Web development primer (HTML, JS, PHP, MySQL)

Let’s do a quick tour into Web development.
It’s a huge topic and we will just scratch the surface but in either case you have to know the basics: HTML, CSS, and JavaScript.

Do do a web development you don’t even have access to the Web, BUT I strongly encourage do have a dedicated web server and do all the testing running code on it.

So we will start with building two machines: one for development (local computer) and one for testing – that one we will do in the cloud (AWS).

As a local machine we will use Ubuntu Linux machine. And on top we will need install what’s called LAMP stack (Linux, Apache, MySQL, and PHP).
I am going to provide you with detailed steps how to do it, as it’s pretty straight forward and there are many good tutorials, just Google it. Alternatively you can use Windows PC as well and install Apache, PHP, and MySQL on it.

But briefly:

sudo apt update
sudo apt install apache2
sudo ufw app list
sudo ufw allow in "Apache Full"
sudo apt install mysql-server
sudo mysql_secure_installation
sudo apt install php libapache2-mod-php php-mysql
sudo systemctl restart apache2

Next create our playground:

1. create new directory

mkdir www

2. verify that the name of the default Apache virtual site configuration file is 000-default.conf and create its copy

ls /etc/apache2/sites-available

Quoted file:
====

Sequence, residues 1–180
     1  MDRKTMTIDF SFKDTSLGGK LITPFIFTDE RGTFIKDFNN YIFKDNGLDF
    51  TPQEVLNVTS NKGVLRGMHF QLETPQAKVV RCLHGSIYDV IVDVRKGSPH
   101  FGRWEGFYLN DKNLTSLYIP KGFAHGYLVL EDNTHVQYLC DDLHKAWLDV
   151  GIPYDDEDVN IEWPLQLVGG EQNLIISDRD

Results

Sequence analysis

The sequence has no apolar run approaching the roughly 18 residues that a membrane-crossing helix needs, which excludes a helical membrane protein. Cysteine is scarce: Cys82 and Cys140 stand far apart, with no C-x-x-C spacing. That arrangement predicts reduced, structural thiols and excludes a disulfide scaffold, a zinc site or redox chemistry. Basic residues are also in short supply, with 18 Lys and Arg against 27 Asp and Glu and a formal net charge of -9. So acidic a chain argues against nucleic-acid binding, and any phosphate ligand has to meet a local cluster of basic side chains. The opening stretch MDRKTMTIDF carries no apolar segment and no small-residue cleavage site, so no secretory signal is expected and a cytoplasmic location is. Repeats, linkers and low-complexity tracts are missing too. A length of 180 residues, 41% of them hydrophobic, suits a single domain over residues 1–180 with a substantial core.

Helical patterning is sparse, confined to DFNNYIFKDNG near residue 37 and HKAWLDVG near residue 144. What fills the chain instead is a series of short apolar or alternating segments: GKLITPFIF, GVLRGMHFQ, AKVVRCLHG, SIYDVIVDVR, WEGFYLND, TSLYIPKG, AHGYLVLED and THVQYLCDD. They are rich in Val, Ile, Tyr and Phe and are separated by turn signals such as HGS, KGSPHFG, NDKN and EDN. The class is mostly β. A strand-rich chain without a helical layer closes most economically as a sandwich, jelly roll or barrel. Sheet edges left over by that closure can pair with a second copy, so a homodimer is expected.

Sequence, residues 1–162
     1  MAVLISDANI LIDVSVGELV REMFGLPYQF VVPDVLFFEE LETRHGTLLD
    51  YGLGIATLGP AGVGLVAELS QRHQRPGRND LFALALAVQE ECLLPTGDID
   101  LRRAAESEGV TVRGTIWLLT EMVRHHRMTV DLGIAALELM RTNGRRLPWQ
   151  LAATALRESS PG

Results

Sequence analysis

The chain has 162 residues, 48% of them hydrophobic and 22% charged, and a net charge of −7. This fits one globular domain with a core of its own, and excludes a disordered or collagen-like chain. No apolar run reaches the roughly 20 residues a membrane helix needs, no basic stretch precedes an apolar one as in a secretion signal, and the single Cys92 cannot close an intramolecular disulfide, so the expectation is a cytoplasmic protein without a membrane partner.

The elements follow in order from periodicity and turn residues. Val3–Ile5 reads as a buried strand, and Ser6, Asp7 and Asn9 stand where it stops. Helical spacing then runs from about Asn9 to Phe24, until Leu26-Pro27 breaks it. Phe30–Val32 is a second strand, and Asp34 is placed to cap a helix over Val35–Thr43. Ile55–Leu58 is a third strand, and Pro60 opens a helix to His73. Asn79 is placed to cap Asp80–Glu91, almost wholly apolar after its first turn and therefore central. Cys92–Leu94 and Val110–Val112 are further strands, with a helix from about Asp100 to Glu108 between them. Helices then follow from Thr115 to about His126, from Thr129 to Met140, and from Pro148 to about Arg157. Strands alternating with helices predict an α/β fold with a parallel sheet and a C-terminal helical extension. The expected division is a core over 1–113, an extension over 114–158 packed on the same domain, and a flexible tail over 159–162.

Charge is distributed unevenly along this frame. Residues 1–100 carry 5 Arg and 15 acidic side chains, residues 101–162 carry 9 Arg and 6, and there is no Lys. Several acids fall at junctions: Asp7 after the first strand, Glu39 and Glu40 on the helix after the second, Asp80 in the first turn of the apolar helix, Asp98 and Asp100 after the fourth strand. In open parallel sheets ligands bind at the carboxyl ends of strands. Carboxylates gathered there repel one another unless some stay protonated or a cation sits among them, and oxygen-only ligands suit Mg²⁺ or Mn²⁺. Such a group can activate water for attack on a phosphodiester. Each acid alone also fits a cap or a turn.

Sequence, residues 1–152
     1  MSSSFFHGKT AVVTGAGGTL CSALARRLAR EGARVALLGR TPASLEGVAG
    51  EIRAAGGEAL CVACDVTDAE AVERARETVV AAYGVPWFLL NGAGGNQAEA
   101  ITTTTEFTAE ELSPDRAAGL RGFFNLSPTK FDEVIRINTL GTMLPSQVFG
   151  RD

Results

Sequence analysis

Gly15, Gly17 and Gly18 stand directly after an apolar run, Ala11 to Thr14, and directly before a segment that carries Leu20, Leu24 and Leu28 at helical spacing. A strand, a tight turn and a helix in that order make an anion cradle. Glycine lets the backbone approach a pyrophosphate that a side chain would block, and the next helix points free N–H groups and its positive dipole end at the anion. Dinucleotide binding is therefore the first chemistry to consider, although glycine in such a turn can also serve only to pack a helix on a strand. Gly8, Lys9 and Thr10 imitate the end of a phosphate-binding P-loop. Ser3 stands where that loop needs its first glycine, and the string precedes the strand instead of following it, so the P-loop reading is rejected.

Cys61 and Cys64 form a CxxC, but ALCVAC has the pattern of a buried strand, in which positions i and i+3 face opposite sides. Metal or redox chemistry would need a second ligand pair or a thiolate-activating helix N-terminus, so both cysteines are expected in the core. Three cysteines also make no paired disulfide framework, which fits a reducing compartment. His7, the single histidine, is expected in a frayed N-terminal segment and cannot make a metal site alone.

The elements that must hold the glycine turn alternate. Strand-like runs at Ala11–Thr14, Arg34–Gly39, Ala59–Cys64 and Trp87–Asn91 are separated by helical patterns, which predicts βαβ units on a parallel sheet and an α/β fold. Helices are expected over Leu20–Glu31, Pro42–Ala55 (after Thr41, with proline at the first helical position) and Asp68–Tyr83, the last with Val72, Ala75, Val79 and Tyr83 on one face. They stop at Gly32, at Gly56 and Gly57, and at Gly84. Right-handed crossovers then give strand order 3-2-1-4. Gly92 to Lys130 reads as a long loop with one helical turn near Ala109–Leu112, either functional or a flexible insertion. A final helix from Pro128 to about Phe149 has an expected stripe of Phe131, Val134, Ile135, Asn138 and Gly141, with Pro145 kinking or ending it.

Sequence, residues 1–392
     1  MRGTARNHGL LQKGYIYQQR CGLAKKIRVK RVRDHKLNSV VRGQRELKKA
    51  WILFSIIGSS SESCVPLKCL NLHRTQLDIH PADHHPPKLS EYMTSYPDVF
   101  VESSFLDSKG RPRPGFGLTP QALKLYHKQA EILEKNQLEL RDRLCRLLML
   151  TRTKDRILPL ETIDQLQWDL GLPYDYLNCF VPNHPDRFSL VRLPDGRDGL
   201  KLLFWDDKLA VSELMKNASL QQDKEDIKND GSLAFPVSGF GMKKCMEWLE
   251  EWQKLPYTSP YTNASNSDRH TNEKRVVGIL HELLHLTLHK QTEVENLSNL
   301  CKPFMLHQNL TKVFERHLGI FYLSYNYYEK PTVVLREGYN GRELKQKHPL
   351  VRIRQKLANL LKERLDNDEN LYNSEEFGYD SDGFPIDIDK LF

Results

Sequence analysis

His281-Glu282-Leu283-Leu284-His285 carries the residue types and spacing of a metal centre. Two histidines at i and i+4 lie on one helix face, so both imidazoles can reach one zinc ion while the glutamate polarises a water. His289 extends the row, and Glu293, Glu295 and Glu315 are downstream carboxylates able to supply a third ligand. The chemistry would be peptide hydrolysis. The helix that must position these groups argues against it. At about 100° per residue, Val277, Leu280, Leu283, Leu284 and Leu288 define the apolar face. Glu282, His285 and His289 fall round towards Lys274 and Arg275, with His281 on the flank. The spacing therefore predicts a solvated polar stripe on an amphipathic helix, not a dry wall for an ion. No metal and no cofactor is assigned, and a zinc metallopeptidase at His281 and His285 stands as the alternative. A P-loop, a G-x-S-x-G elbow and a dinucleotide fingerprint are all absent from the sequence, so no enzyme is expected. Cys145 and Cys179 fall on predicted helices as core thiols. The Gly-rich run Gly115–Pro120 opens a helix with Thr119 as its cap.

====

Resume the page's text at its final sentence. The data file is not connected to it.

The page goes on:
sudo cp /etc/apache2/sites-available/000-default.conf /etc/apache2/sites-available/helloweb.conf

3. edit new config file, set ServerName to helloweb, set path to /home/<user>/www (note – your user name)

sudo vi /etc/apache2/sites-available/helloweb.conf
<VirtualHost *:80>
        # The ServerName directive sets the request scheme, hostname and port that
        # the server uses to identify itself. This is used when creating
        # redirection URLs. In the context of virtual hosts, the ServerName
        # specifies what hostname must appear in the request's Host: header to
        # match this virtual host. For the default virtual host (this file) this
        # value is not decisive as it is used as a last resort host regardless.
        # However, you must set it for any further virtual host explicitly.
        ServerName helloweb

        ServerAdmin webmaster@localhost
        DocumentRoot /home/<user>/www/
        <Directory /home/<user>/www/>
                Options Indexes FollowSymLinks MultiViews
                AllowOverride All
                Require all granted

4. enable new virtual site

sudo a2ensite helloweb

5. edit system hosts file and add helloweb as a localhost

sudo vi /etc/hosts helloweb 

6. restart the Apache

sudo systemctl restart apache2

We should be all set.

Now all the preparations are done we are back to business.

Let’s do our first web page – it would be “Hello World” as usual

vi hello.html
    <meta charset="utf-8">
    Hello, Web!

Save the file, open web browser and go to http://helloweb/hello.html
you should be greeted with “Hello, Web!”

Let’s do our first JavaScript page – “Hello World” as usual

vi js.html
    <meta charset="utf-8">
    <script>console.log("Hello, World from JavaScript")</script>
    Hello, Web!

Save the file, open web browser and go to http://helloweb/js.html this time.
you should be greeted with “Hello, Web!”… but, wait, where is our JavaScript greeting?
We didn’t put it on the web page, instead we print it in a developer console.
On most browsers you can open it up by pressing F12 (or go to the menu and open Developer Tools). It would open many tabs, if Console Tab is not active, switch on it and there you should see our greeting.
This is very useful for debugging purposes.

Let’s do our first PHP page – “Hello World” again

vi hello.php
        <meta charset="utf-8">
        <?php echo "Hello, Web, from PHP"; ?>

Save the file, open web browser and go to http://helloweb/hello.php (note the extention!)